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Ukraine has backup plan if U.S. aid delayed, according to Finance Ministry

Ukraine has backup plan if U.S. aid delayed, according to Finance Ministry Ukraine has backup plan if U.S. aid delayed (

The Ministry of Finance of Ukraine is counting on financial support from its partners but is also working on securing additional funding for the budget in case funding from the U.S. is delayed, as the Ministry of Finance says in a comment to RBC-Ukraine.

"We are expecting a positive decision on funding from the United States. It needs to be made because our partners understand the consequences of a prolonged lack of funds. We maintain regular dialogue with our colleagues from the U.S. Department of the Treasury, they understand very well our needs and the situation. They assure us that a decision will be reached—it's just a matter of time," the comment reads.

However, "we are not sitting and waiting for the situation to stabilize," the ministry noted.

The Ministry of Finance assures that necessary measures are being taken to navigate through the period of donor funding deficit as smoothly as possible. "This includes various measures taken within the country, such as maximizing funds raised in the domestic debt market, as well as bringing other allocations closer to the state budget. Additionally, the tax and customs authorities have exceeded the January collection plan by +14% and +30% respectively," explained the Ministry of Finance.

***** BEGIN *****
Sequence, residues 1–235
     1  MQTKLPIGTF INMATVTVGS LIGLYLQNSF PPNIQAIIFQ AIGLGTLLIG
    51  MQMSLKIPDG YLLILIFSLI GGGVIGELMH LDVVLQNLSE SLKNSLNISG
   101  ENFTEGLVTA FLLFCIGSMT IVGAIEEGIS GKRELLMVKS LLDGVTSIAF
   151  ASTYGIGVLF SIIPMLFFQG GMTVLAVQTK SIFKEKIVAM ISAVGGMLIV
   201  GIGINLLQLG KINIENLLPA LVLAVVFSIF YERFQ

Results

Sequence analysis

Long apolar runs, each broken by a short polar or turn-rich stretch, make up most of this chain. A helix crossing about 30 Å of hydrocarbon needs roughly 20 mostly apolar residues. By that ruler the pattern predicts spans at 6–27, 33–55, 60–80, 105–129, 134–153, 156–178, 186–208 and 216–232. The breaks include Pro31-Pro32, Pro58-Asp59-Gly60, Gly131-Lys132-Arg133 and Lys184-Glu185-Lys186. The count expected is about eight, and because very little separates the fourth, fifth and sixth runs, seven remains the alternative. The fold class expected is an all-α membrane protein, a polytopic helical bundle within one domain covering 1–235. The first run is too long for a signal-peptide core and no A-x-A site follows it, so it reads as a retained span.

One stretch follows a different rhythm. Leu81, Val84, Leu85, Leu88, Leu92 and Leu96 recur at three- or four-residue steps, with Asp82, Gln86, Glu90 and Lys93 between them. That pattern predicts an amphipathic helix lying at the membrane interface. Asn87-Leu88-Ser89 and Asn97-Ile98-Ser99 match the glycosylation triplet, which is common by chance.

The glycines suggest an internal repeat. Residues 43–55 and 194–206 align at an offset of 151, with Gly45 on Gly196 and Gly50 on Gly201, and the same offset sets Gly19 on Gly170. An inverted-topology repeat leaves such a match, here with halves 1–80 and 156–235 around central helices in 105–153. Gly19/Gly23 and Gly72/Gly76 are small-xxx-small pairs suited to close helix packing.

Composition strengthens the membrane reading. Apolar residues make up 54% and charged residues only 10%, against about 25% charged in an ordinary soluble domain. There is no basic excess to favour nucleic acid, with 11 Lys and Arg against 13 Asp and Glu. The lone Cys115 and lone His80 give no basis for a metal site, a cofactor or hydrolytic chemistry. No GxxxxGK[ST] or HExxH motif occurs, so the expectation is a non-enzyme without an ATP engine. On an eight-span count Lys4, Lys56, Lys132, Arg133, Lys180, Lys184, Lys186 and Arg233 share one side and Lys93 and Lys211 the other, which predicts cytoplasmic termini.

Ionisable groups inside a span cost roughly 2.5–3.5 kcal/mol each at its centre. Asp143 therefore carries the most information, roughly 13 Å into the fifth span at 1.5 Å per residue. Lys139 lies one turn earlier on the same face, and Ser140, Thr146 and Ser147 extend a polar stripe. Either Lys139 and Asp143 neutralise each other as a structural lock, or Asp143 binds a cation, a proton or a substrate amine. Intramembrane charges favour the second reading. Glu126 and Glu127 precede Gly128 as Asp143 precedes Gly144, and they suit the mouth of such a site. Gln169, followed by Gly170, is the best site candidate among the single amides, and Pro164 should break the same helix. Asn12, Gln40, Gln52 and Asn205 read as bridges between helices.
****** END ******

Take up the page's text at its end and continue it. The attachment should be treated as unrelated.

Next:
At the same time, active efforts are underway with G7 countries and other key partner countries for additional funding. "The results will be announced publicly later, and agreements will be formalized. The government of Japan continues to actively assist us, for which we are extremely grateful! This is our Plan B. We are keeping the situation under control," the Ministry of Finance stated.

Assistance to Ukraine

The U.S. Congress has blocked over $60 billion in funding for Ukraine proposed by President Joe Biden.

Meanwhile, the EU has approved a €50 billion aid package for Ukraine. The first tranche will arrive in early March.

As Bloomberg reported, Ukraine is preparing a plan that includes expanding sales of domestic bonds, raising taxes, and cutting expenditures. It is needed to receive funds from the International Monetary Fund if crucial U.S. assistance remains blocked.